Saint Bernardino Realino

Before deciding for religious life and becoming the patron saint of Lecce in a very singular way, Saint Bernardino Realino (1530-1616) had had an honest and brilliant career as an administrator. He grew up with many interests and sometimes risking the abyss, from which he was saved thanks to his faith.

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Saint Bernardino Realino

Before deciding for religious life and becoming the patron saint of Lecce in a very singular way, Saint Bernardino Realino (1530-1616) had had an honest and brilliant career as an administrator. He grew up with many interests and sometimes risking the abyss, from which he was saved thanks to his faith.

A native of Carpi, near Modena, he was educated in the Christian virtues by his mother and developed a passion for poetry and philology. After falling in love with the pure beauty of a young woman called Chloride, whom he met in church, he devoted himself to law. After obtaining a degree in civil and canon law, Bernardino went from one municipality to another in northern Italy, working as a podestà, praetor, tax lawyer. He was courteous and generous, but earthly things sometimes made him stray. Because of an injustice suffered by his family, he could not hold back his anger and wounded the person responsible on the head with a dress sword.

Around the age of thirty, another fact shocked him. He received the news of the death of his beloved Chloride, which was added to the sorrow for the situation of his administrators, afflicted by a serious famine. In despair, he was tempted for a moment by the idea of committing suicide, which he overcame with the help of prayer. On July 3, 1561, while meditating on the world's vanities and divine graces, the woman he had loved honestly in his heart appeared to him and pointed to heaven. Shortly afterwards the viceroy of Sicily called him to Naples and it was here that the pivotal moment occurred. Touched deeply by the sermon of a Jesuit, he asked to confess to him. The priest noticed his inclination towards religious life, invited him to an eight-day spiritual retreat and suggested devotional readings. This resulted in the thirty-four year old Bernardino deciding to enter the newly founded Society of Jesus.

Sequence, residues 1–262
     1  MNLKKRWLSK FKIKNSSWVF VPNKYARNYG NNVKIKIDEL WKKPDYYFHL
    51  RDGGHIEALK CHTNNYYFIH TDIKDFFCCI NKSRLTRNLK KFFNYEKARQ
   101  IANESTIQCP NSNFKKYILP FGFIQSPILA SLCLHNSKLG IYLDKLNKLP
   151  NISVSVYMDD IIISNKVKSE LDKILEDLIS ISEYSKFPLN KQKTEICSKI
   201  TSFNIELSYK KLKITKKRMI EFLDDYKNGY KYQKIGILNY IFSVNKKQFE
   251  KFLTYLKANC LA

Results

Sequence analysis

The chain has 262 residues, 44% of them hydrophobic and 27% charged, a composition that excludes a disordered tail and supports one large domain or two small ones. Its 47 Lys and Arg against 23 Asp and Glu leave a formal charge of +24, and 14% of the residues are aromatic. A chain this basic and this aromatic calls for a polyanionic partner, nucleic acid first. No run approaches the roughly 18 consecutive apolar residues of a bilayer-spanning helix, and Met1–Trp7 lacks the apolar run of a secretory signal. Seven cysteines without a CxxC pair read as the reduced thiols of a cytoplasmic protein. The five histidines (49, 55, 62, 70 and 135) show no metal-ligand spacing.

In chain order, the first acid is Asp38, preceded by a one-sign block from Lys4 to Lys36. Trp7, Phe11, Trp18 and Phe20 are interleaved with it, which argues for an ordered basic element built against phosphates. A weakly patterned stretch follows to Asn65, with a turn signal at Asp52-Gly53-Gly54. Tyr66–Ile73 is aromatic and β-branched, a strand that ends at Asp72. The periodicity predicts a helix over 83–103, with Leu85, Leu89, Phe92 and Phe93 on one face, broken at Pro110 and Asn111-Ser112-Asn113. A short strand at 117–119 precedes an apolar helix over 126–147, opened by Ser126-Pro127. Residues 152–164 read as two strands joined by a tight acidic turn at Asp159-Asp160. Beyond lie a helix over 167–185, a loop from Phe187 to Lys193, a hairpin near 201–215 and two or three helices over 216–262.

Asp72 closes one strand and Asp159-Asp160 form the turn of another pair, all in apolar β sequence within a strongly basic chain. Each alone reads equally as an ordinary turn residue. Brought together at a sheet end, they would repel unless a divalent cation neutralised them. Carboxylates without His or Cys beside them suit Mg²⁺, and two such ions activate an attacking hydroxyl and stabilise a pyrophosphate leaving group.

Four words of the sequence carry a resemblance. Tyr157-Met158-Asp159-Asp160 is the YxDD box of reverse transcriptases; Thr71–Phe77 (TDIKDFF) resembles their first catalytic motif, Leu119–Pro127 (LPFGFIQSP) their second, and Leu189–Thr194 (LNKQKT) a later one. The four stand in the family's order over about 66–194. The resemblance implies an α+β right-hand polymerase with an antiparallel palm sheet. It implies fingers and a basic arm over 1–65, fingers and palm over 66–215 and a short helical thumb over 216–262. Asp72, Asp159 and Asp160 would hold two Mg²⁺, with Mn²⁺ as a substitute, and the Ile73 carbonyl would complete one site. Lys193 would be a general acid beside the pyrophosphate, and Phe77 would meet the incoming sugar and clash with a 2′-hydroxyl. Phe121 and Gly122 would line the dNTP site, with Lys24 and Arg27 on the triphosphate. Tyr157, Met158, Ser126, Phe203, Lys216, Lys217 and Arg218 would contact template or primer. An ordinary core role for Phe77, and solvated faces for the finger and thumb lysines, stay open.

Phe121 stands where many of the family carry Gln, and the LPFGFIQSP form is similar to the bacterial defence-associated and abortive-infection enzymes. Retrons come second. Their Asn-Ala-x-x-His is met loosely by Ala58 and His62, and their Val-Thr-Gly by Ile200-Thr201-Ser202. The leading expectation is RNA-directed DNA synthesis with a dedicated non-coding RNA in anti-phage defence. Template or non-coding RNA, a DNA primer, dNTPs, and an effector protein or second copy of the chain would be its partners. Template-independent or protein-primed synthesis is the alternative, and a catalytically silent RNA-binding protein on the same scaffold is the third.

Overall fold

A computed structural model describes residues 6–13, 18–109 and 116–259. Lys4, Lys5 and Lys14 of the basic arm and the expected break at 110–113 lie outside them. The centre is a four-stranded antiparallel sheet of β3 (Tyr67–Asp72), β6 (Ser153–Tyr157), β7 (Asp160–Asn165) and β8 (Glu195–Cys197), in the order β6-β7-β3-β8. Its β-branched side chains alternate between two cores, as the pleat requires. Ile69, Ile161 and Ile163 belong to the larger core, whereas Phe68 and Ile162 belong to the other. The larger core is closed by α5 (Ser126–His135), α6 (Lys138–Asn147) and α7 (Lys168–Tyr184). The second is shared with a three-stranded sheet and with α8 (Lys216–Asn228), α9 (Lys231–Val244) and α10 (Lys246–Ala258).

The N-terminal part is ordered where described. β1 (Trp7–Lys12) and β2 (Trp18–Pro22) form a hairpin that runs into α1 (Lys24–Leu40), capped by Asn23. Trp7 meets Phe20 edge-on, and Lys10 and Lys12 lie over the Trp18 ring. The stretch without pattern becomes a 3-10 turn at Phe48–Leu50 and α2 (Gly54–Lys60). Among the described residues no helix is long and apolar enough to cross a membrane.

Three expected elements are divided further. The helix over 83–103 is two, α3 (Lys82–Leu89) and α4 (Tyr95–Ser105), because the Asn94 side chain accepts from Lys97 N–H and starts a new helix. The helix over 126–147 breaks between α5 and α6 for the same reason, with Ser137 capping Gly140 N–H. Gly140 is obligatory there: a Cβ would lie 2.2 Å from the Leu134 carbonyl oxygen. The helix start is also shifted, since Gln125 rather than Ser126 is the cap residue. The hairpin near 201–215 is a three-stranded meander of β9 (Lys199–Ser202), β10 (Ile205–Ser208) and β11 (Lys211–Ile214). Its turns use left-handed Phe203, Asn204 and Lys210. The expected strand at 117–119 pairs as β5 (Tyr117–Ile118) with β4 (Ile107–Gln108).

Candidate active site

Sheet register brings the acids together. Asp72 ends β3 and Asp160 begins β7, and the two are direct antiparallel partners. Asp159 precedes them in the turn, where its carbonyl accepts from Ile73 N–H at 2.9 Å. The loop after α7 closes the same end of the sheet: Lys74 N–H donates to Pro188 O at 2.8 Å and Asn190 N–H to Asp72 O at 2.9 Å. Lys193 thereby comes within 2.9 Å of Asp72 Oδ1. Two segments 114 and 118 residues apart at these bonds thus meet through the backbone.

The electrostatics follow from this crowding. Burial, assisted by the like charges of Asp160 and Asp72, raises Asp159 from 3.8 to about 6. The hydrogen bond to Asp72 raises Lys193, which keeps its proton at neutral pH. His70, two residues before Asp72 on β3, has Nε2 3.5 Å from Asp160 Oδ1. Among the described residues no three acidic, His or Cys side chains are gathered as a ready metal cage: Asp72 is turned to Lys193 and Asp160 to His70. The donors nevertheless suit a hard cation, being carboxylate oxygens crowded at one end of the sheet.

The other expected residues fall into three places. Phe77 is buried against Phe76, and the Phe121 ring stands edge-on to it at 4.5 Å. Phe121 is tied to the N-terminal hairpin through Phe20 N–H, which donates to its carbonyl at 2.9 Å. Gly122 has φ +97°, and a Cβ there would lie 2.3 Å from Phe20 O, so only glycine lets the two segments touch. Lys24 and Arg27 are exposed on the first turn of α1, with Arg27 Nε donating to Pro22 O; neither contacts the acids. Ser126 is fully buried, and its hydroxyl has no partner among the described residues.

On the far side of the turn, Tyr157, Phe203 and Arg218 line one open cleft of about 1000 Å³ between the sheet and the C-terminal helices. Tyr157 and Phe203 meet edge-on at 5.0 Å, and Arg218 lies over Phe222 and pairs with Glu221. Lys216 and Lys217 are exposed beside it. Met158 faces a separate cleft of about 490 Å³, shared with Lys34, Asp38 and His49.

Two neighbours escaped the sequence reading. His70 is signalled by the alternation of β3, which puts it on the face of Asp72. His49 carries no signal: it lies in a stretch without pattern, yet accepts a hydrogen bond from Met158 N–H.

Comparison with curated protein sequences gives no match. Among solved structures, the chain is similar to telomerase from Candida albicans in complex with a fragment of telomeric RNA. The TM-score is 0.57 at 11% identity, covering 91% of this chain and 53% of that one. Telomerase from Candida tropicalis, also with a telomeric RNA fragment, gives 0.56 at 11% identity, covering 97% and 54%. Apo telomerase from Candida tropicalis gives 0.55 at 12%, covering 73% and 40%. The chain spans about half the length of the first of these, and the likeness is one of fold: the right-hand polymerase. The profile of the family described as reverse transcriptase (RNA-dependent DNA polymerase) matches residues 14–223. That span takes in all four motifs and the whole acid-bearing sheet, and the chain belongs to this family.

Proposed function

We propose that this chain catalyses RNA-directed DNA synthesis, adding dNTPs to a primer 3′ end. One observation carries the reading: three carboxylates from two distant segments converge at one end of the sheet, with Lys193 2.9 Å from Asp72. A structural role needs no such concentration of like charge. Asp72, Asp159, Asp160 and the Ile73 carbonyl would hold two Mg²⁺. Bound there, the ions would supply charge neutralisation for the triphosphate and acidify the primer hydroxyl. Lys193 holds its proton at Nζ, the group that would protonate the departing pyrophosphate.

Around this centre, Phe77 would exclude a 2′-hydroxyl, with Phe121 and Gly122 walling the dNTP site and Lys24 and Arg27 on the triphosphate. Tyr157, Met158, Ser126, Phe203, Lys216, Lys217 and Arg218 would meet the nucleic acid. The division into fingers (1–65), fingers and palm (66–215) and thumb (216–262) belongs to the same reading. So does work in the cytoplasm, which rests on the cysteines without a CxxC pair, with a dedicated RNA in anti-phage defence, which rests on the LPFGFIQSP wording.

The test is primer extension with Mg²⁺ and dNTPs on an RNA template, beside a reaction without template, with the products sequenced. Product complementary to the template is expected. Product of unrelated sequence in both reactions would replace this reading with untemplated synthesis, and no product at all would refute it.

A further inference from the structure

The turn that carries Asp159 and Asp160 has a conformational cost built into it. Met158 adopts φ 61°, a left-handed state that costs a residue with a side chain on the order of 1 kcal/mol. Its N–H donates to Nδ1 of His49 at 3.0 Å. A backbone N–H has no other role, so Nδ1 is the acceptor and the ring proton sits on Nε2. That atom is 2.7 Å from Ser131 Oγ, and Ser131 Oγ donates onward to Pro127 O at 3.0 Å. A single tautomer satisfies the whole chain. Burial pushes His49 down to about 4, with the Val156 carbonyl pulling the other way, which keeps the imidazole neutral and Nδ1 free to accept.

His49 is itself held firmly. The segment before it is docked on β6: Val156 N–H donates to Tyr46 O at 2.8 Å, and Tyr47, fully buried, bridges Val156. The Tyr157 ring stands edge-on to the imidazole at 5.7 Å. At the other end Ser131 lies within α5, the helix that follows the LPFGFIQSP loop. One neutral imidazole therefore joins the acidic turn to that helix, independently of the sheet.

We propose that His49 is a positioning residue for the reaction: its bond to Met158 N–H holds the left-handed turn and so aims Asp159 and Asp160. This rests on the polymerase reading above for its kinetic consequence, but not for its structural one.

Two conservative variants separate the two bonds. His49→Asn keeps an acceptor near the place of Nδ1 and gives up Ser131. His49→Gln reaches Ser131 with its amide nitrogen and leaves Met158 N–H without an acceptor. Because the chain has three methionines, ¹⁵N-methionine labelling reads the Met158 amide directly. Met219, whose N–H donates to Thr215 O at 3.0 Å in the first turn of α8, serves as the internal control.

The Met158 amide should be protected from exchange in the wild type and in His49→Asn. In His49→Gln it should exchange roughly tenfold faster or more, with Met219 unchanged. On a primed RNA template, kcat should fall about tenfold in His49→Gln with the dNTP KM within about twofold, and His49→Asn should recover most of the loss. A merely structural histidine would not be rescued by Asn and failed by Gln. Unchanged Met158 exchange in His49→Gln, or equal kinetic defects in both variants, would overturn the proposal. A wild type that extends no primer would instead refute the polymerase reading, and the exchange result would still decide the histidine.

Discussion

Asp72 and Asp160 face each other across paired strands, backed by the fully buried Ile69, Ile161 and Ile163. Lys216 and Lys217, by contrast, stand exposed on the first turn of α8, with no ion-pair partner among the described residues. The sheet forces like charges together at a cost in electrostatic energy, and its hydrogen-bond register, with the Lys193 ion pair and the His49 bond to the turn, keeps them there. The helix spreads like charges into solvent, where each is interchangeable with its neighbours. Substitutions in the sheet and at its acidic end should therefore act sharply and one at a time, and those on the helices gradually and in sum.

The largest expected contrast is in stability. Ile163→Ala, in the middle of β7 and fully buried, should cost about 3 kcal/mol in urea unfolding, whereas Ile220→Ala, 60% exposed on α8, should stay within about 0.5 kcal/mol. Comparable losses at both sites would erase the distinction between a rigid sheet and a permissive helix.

He was ordained a priest three years later. His spiritual progress must have convinced Saint Francis Borgia to choose him as novice master. The young students and the prisoners, the sick and many other faithful, whom he spiritually assisted and devoted much time to their confessions and catechism, became aware of his spiritual fatherhood. In 1574 he was sent to Lecce to investigate the possibility of founding a Jesuit house and college there. He soon won the heart of the people of Lecce, who benefited from the presence of the saint for 46 years, until his death. In that long period of time it happened on several occasions that his superiors commanded him to move to other cities, but every time Bernardino was ready to leave something unusual happened that kept him in Lecce. Here he also founded the Church of Jesus, where his body rests, and began a movement of diocesan priests with the aim of improving the knowledge of moral theology and training good confessors and preachers.

On his deathbed, after offering his physical suffering to God for years, he was visited by a delegation from the town hall who asked him extraordinarily to be the protector of the city as soon as he arrived in Paradise. Bernardino nodded his head and died whispering: “Jesus... Mary”. He is often depicted with the Child Jesus because one very harsh evening, on Christmas Eve, while he suffered the freezing cold, Our Lady appeared to him and placed her divine Son in his arms. Among his greatest admirers was St. Robert Bellarmine: “I have never heard a complaint about Father Realino even though I was his provincial; even those who were badly disposed towards the Society and took every opportunity to speak ill of it, always made an exception for Realino... Everyone knows that he is a holy man”. After his beatification by Leo XIII, he was canonized in 1947 by Pius XII, who confirmed him as patron saint of Lecce and lauded his ardour for God and souls.

Dona Ora

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